Monday, September 7, 2009

Mario Bunge on Science and Pseudoscience

It must be sad when a philosopher of science has to resort to Skeptical Inquirer to get a popular audience. Popper and the apparently immortal logical positivists rule the day. That same issue the Quincey recension of Feynman's QED had a fascinating article by Bunge on pseudoscience. Not quite fascinating enough for prompt reply in a letters column. That couple of years, on checking, is literally three years. It was the July/August issue of 2006!

Scientists like Feynman are fond of believing that if they refuse to explicitly or consistently think about philosophy they are rising above it. This is folly. As Bunge points out, concepts like reality, time, causation, truth are also philosophical concepts. Indeed, well known philosophical topics as the nature of mathematical objects are directly relevant to science. An even better example is the notion that cognitive neuroscience can study mind by studying the brain. The implicit assumption that mind is ultimately a material phenomenon requires using scientific method instead of speculation.

Scientific investigation he holds assumes that the facts of some domain of investigation are material, lawful and scrutable. Personally I would phrase this as saying the universe is consistent and intelligible. According to him, the scientific method is a fairly typical (and correct) sequence of choice of subject; discovery of problem; hypothesis; experiential test (observation/measurement or experiment); evaluation of results of experience; necessary corrections (to principles of subject, to the hypothesis, to the experimental technique); emergence of new problems. As always, it should be added that this is a collective process, not an individual one. An individual may do merely part of a single step, and knows nothing about order. Bunge correctly adds that speculation is a necessary part of the hypothesis process. The key point is that at some point, the results must match reality, which is to say, be true, another philosophical concept. It also assumes, a good point for Bunge to emphasize, that scientific hypotheses and explanations (theories) are logically valid, although it is rare for scientists to explicitly analyze logic. He notes unbridled speculation is for art.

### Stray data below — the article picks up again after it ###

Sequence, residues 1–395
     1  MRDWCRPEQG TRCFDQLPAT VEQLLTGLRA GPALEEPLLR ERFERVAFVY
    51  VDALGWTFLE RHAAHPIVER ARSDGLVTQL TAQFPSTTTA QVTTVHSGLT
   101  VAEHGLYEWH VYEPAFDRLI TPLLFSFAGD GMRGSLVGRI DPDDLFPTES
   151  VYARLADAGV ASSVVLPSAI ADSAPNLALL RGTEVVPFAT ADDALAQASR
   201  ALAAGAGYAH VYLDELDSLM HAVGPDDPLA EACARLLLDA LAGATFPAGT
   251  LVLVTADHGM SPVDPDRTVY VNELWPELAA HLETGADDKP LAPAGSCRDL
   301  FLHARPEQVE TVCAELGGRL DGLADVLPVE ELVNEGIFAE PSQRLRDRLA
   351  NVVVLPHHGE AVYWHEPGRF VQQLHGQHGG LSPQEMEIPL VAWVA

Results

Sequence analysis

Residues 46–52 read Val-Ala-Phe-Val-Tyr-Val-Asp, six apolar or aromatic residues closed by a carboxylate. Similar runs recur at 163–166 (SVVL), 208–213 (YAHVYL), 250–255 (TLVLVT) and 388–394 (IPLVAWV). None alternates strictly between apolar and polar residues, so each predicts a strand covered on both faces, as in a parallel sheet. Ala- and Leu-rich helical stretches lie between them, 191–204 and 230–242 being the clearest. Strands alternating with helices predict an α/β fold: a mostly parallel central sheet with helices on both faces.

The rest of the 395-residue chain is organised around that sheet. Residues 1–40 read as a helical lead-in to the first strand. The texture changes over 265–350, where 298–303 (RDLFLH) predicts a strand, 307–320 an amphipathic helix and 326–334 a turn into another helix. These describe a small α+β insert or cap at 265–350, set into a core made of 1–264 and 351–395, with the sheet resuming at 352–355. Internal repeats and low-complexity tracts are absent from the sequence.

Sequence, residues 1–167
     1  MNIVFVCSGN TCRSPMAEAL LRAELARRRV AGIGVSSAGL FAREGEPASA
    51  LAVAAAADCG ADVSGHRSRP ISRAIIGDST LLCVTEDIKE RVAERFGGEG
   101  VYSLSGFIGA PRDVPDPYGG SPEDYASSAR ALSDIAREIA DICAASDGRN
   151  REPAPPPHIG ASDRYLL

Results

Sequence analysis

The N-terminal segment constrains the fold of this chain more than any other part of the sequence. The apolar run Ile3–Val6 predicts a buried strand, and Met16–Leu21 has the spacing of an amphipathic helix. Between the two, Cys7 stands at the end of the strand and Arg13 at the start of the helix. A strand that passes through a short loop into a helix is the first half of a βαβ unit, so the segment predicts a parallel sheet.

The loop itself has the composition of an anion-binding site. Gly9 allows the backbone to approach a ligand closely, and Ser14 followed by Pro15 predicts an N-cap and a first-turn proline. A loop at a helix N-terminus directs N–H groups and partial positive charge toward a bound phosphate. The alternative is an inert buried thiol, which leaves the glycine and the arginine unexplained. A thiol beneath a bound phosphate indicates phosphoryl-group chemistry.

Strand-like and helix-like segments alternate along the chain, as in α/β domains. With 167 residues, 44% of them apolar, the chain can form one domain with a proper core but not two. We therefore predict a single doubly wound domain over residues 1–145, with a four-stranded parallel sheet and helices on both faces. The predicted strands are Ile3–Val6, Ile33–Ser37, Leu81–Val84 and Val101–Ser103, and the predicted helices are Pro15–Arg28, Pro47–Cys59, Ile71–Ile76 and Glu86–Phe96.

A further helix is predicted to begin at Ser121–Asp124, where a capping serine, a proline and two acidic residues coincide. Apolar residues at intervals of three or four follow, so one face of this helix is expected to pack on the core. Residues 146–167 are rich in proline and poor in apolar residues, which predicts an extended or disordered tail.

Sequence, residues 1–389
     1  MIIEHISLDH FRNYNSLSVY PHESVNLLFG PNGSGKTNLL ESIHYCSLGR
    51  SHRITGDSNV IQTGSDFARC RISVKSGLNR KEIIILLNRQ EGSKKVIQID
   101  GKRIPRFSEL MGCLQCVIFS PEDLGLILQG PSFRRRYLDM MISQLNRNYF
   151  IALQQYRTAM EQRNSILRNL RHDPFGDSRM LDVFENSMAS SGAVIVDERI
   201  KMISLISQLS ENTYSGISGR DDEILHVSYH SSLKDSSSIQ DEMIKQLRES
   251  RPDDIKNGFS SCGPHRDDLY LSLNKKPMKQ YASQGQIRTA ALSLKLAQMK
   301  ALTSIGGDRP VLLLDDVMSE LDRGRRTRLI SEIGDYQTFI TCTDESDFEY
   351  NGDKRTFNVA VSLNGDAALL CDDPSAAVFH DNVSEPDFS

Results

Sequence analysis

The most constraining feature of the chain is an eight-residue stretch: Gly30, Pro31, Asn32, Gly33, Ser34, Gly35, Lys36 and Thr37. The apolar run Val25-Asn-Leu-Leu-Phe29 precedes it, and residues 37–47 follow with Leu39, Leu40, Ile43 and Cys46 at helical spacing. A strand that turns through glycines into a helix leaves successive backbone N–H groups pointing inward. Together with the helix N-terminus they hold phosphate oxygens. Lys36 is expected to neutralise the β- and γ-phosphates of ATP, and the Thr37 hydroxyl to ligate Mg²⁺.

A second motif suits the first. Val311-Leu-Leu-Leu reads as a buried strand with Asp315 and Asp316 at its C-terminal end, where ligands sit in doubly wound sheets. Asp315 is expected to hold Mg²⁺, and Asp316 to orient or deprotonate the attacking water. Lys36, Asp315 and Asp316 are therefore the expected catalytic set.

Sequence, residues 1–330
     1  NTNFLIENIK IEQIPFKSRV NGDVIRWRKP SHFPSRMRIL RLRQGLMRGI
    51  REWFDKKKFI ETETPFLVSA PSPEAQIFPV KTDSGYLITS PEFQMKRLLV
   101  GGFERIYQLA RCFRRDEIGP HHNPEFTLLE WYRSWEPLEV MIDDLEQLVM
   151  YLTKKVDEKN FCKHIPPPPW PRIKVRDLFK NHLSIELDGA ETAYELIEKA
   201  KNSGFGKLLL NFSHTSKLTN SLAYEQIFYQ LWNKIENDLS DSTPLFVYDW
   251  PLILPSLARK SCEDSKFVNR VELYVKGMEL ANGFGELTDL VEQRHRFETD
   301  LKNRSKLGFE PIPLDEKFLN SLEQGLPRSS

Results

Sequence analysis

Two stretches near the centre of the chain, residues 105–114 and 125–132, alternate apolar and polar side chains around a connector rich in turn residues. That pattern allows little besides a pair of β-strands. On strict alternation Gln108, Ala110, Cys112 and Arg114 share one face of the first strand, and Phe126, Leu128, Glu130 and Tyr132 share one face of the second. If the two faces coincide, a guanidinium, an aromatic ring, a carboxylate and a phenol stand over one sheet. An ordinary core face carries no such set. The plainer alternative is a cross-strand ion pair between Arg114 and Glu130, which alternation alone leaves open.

As a collective process, practice of the scientific method means that the science changes with the discoveries and the formulation of new concepts that lead to new discoveries; a continuity with knowledge from other sciences, accepting their contributions and positing no contradictions; overlapping areas of interest with other sciences; scientific community. To rephrase, the first means science is knowledge because it is based on facts. When additional facts or refutation of incorrectly accepted false statements as facts requires change in the science, it changes. The notion that if it can change it wasn't knowledge implicitly assumes some sort of supernatural aspect to Truth, that it must be unchanging, eternal, ideal, etc. Theological concepts never change, they merely go in or out of fashion, which shows how unlike science (knowledge) theology is.

The continuity with other science, as in signals cannot travel from one mind to another at a speed greater than light (a stumbling block for "parapsychology" and a sign said field is a pseudoscience,) and the overlap with other sciences, like physics and chemistry in physical chemistry, are consequences of the unity of nature. For the first, what is true in one science must be true in all. For the second, since there is really one one subject, nature, the individual subjects called branches of science must inevitably collide. And last, the existence of scientific community is the collective way that testing of hypotheses and deduction of consequences of principles and formulation of explanations is conducted. But all that is the operation of the scientific method.